My family tree is full of people with addiction issues, but it’s got even more folks in it who didn’t drink at all, or could drink moderately, occasionally, socially. What we also had/have are mental health issues and trauma: bipolar diagnoses, clinical depression, panic attacks and anxiety, OCD, and PTSD. Not everyone drank, smoked pot, took speed, dropped acid, or used heroin to numb the pain they couldn’t name, but plenty did. Others chain-smoked cigarettes, took too many naps, suffered from chronic insomnia, dropped out of school, screamed at and shamed their kids, ran away from relationships, ran away from jobs, kept ridiculously tidy houses (or disturbingly filthy ones), pulled out their hair, bit their nails, and attempted suicide.
I saw myself as kind of normal, really, even though by the time I was in my late 20’s I had also experienced 9 or 10 things on those lists. Not that I would have admitted it, mind you. I was the oldest kid in my family, the “hero,” Little Goody Two-Shoes, full of anger, ambition, pride, and denial that there could be anything wrong with me. Because dammit, I didn’t really drink. I didn’t use drugs (well…not often). I didn’t mistreat my kids. I finished college under challenging circumstances, paid for it myself, and had a good job. In my mind, I was a freaking paragon of virtue.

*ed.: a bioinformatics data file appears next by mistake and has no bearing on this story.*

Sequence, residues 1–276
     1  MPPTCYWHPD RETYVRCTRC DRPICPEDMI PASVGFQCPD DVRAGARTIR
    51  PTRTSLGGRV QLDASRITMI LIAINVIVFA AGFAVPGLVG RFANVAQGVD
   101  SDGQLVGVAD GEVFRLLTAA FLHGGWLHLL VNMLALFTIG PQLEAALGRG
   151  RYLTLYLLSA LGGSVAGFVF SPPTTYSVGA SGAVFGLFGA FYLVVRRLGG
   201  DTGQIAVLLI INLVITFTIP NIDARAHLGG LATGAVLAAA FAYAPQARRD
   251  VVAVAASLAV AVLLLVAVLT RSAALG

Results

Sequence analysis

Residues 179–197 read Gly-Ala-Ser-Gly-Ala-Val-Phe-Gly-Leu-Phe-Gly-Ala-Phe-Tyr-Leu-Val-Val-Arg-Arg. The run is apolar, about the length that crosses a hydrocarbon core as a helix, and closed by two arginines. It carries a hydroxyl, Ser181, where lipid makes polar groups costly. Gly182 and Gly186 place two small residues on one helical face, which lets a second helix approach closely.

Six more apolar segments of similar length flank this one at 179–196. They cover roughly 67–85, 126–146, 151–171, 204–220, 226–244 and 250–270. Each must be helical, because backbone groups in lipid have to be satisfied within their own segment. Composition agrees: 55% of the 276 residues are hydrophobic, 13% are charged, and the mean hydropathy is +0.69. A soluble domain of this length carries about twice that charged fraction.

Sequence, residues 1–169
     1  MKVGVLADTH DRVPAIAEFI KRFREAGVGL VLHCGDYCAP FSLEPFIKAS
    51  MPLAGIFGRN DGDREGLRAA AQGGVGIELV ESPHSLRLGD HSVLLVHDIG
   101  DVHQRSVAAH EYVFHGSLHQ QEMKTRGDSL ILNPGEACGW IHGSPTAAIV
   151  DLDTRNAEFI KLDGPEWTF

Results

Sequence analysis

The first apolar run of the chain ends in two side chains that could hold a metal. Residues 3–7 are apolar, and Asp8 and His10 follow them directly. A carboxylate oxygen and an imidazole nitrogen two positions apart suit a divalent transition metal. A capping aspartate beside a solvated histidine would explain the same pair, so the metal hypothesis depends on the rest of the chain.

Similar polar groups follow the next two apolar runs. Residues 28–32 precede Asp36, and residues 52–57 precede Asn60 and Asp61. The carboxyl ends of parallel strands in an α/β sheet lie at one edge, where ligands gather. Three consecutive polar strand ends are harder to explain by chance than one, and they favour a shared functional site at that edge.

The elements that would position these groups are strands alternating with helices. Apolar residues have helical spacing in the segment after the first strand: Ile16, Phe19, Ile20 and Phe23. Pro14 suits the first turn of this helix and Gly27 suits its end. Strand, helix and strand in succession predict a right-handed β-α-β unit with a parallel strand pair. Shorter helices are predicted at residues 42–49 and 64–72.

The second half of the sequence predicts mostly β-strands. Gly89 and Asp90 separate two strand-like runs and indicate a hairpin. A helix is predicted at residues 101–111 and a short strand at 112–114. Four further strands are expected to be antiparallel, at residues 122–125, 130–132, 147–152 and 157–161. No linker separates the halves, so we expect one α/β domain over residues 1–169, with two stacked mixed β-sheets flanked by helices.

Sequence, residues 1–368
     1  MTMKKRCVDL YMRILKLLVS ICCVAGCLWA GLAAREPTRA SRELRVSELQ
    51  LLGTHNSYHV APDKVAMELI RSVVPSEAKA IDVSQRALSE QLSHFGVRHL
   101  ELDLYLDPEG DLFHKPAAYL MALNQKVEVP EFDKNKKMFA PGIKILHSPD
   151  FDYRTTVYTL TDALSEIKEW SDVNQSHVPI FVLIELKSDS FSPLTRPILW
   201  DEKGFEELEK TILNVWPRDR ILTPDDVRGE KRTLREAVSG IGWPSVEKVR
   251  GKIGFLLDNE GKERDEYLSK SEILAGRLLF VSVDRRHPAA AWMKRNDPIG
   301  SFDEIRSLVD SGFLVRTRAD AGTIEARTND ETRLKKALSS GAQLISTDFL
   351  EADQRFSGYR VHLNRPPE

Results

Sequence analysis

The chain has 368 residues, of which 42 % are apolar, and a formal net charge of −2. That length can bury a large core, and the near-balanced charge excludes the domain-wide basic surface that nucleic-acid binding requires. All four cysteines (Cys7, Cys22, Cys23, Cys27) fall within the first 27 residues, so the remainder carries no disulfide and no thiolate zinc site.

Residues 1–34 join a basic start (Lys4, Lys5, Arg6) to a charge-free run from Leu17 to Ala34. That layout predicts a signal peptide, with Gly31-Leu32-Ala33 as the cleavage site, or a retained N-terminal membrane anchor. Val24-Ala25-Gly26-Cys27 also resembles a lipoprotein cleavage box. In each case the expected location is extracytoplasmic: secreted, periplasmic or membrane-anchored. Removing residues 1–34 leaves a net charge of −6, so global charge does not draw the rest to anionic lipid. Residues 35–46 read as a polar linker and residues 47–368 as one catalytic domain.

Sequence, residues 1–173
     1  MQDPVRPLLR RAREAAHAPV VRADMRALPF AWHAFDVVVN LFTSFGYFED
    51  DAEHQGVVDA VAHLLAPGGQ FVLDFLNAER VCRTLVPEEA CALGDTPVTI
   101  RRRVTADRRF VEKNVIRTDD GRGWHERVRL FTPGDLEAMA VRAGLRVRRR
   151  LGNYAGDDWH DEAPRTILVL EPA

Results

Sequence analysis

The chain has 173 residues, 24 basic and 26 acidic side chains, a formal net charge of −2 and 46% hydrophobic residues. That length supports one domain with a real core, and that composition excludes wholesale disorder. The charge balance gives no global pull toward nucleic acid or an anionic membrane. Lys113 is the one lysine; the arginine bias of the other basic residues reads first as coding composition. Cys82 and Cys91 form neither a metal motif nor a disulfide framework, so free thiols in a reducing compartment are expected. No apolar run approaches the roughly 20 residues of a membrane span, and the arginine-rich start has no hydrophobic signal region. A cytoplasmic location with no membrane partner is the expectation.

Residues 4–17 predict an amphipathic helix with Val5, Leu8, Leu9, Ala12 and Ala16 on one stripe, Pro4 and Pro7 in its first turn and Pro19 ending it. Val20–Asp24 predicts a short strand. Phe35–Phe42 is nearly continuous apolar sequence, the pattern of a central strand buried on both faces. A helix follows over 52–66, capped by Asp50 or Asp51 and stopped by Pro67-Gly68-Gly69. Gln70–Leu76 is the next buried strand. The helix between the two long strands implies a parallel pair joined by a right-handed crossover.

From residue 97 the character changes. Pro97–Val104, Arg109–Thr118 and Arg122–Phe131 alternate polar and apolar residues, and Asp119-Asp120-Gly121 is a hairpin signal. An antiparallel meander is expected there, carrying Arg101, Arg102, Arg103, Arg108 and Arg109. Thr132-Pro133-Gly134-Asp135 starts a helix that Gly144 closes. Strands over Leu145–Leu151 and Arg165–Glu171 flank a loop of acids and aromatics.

But at age 29, after getting dumped by my alcohol-and-drug-addicted second husband (which turned out to be one of the best gifts anyone ever gave me) I initiated a series of life changes that led me to a home in another state, a master’s program, a new and better job, regular therapy, and marriage to the cute guy in a Fair Isle sweater who sat across the table from me in Intro to Grad Studies.
I felt my shoulders start to drop for the first time in my life. My spine relaxed. My migraines started to back off. Mr. Fair Isle made me feel loved for who I really was, and I knew for the first time since childhood that it was finally okay to lower my guard and relax. I had nothing left to prove.
For a number of years I was happy, busy, and starting to feel like I had an authentic self. So what happened? I still don’t know, but the closer I got to menopause, the harder it was to sleep. My natural introversion started to turn into social anxiety. I began suffering from mysterious chronic body pain. And after a long day of working, cooking, cleaning, and driving my son around to various after-school lessons and activities, NOTHING helped to quiet the busy brain and body pain as efficiently as a nice cold glass (or two, or three) of pinot gris.